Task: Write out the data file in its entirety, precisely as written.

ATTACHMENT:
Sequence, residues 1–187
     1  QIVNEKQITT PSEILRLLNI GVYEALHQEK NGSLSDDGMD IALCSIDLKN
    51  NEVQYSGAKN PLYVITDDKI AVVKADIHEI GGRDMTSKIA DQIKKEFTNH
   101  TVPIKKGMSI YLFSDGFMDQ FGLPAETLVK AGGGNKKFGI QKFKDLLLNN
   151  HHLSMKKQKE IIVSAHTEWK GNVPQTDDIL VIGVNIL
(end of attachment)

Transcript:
Sequence, residues 1–187
     1  QIVNEKQITT PSEILRLLNI GVYEALHQEK NGSLSDDGMD IALCSIDLKN
    51  NEVQYSGAKN PLYVITDDKI AVVKADIHEI GGRDMTSKIA DQIKKEFTNH
   101  TVPIKKGMSI YLFSDGFMDQ FGLPAETLVK AGGGNKKFGI QKFKDLLLNN
   151  HHLSMKKQKE IIVSAHTEWK GNVPQTDDIL VIGVNIL